Bandyopadhyay hypothesises that “the crisis of 2020 will hit the informal economy more dearly than the crisis of 2008-2009.” His second hypothesis is that the lockdown will adversely affect the ‘logistics sector’ and the ‘logistical city’. Referring to the writings of Karl Marx, the author notes that globally connected cities and their physical, legal, social and financial infrastructures “synchronise the gap between production and consumption” in ‘supply chain capitalism’ by coordinating variables of “territory, communication, and speed.” The author recommends that India’s 60 million tonnes of surplus food grains can be redistributed as rations; the government should implement universal basic income, healthcare and education; and there must be a short-term “revival of local and self-sufficient production and consumption networks.”
Essay 7: The Sudden Visibility of Returnee Labour
This essay by Rajat Roy (journalist and researcher at the Mahanirban Calcutta Research Group) discusses the precarity and uncertainty that migrant workers have been subject to due to the abruptly announced Covid-19 lockdown. Maji Sheikh, a 44-year-old worker in Bihar’s Aurangabad district, started his journey back home to West Bengal on March 26, soon after the lockdown was announced. He and other migrants were beaten and ‘brutally treated’ by the Aurangabad police for venturing outside, whereas the Jharkhand police (en route) greeted the returning migrants with refreshments and conducted health check-ups for them. Roy notes that reverse migration and ‘social distancing’ during the lockdown have made usually ‘invisible’ migrant workers visible in two ways: first, cities and towns “have felt the absence of [these] service providers,” and second, the media’s visuals of hundreds of thousands of migrant workers walking miles on highways forced the government to arrange shelter and food for them.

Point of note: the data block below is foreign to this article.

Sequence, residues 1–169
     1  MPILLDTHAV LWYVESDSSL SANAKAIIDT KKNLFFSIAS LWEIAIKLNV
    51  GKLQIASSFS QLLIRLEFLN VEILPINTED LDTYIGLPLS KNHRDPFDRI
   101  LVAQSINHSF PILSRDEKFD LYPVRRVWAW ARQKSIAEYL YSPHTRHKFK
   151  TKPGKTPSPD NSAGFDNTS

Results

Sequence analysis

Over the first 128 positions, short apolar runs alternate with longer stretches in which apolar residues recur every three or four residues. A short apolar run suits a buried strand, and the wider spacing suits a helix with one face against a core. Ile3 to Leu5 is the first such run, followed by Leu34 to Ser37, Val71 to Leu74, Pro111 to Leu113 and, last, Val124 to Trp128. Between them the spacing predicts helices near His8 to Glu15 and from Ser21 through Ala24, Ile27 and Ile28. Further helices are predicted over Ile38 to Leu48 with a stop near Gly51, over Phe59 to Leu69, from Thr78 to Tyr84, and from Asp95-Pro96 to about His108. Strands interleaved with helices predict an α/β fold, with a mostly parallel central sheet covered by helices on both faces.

Essay 8: Glimpses of Life in the Time of Corona
In this essay,
Madhurilata Basu ( professor at Sarojini Naidu College, Kolkata) and Sibaji
Pratim Basu (of the Department of Political Science at Kolkata’s Vidyasagar
College) describe the hardships of the ‘marching migrant workers’ during the
Covid-19 lockdown. They cite 2019 data collected by India Migration Now, a
research organisation based in Mumbai, which speaks of the widespread apathy
and discrimination against migrants by state governments.
The authors highlight incidents of xenophobia, racial profiling, and the stigmatisation and neglect of healthcare workers during the lockdown – from nurses from India’s northeast who faced derogatory remarks in Bengaluru, Chennai, Kolkata and other places, to landlords asking medical staff asked to vacate their houses. The piece criticises the Indian media’s ‘blatantly communal publicity’ of a congregation of the Tablighi Jamaat (a Muslim missionary movement); the gathering occurred on March 22 in Delhi, and shortly after, many of the 2,500 people who attended, tested positive for Covid-19. The pandemic, the authors state, is a missed opportunity for the “collective healing of partisan wounds.”
Essay 10: Social Distancing, ‘Touch-Me-Not’ and the Migrant Worker
This piece by Ishita
Dey (a researcher at South Asian University, New Delhi) looks at ‘intimate
labour’, such as domestic work, during Covid-19. It discusses already existing ‘social
codes of distancing’ between employers and domestic workers, based on the idea
that domestic labourers are ‘not clean’. Such codes are ‘structural
inequalities’ produced by caste, class and gender.
The author notes: “Given the history of sanitation workers in this country and the long-standing battle to challenge social ostracization and stigma around ‘touch’, the [State’s] Covid-19 health advisory of ‘touch me not’ is an irony to the living testimonies of migrant workers.” Migrant workers face new challenges of ostracism and social stigma, Dey writes, as new surveillance methods are enforced as result of the pandemic.
Focus by Parijat Lal.
Manahirban Calcutta Research Group, Kolkata